Study leader Dr. Marlene Grenon of the University of California, San Francisco, and colleagues said the study involved 1,024 men and women with coronary artery disease.
When the study began, 12 percent of the study participants with depression had peripheral artery disease, compared to 7 percent of patients without depression who had peripheral artery disease.
Nine percent of depressed patients and 6 percent of those without depression had peripheral artery disease-related events during the seven-year follow-up, Grenon said.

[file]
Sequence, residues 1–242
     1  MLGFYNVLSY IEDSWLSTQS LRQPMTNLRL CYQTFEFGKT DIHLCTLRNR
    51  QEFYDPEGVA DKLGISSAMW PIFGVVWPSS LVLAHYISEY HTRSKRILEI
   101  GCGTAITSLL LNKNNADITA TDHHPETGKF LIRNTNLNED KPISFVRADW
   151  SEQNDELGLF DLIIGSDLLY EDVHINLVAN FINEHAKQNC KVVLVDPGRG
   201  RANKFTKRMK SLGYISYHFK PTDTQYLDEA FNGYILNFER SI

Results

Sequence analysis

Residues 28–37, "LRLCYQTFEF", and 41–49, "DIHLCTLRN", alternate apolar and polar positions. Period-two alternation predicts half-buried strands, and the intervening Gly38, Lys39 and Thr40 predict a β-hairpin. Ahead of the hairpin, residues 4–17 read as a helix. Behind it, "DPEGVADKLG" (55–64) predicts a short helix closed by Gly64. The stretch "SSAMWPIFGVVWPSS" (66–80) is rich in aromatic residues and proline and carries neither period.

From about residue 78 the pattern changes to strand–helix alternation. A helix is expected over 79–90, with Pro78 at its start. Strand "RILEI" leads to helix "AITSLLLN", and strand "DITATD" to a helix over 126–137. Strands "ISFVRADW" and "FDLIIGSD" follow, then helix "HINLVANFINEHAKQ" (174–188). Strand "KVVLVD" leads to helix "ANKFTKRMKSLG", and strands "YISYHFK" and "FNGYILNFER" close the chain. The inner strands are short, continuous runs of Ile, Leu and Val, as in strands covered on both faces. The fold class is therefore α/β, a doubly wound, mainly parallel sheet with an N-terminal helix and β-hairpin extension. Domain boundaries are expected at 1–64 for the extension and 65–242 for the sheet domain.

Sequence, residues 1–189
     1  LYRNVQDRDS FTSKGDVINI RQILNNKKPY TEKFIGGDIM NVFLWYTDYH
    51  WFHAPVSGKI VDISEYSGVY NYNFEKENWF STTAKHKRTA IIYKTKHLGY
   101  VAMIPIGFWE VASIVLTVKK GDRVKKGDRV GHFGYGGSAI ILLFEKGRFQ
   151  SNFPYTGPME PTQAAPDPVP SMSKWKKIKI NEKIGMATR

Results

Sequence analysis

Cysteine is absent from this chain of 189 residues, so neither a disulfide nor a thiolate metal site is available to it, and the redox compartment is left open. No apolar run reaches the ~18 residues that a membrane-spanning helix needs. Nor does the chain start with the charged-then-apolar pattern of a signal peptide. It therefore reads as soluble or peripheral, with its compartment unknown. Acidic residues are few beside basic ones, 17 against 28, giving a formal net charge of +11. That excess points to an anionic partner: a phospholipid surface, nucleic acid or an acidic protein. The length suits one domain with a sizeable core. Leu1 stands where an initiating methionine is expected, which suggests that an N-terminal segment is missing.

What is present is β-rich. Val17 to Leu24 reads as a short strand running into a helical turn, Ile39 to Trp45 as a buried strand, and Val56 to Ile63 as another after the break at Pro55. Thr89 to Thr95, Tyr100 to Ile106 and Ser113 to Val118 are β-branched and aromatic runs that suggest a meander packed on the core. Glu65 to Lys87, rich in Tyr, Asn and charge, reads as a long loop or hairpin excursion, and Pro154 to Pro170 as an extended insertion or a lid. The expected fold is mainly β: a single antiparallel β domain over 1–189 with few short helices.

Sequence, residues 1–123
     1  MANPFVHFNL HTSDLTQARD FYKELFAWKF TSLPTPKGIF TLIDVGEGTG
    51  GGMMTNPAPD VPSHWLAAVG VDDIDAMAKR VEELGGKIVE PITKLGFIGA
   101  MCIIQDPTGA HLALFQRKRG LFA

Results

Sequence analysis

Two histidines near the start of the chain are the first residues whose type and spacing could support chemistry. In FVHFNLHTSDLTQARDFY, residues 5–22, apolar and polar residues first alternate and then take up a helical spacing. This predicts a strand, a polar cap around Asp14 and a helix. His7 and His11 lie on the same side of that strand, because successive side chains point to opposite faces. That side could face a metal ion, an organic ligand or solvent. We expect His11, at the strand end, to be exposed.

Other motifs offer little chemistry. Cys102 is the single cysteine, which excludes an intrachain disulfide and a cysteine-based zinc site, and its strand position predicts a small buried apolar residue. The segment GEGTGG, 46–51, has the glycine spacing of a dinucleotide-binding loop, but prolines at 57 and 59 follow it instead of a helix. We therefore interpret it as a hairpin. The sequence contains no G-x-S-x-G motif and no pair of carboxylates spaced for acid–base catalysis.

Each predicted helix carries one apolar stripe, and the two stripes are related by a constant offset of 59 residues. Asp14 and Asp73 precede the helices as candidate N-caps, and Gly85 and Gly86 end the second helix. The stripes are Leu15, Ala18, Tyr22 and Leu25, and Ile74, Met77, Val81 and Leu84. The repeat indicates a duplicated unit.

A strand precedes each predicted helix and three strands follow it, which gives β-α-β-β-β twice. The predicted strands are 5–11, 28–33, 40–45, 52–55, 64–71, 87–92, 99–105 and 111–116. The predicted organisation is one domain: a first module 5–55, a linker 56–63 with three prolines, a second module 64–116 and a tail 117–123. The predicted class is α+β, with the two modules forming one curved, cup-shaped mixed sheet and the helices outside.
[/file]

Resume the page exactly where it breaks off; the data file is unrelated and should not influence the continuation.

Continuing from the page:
Grenon said the findings demonstrated the importance of depression screening and treatment for peripheral artery disease patients.
The findings were presented at the American Heart Association's Arteriosclerosis, Thrombosis and Vascular Biology scientific sessions in Chicago.
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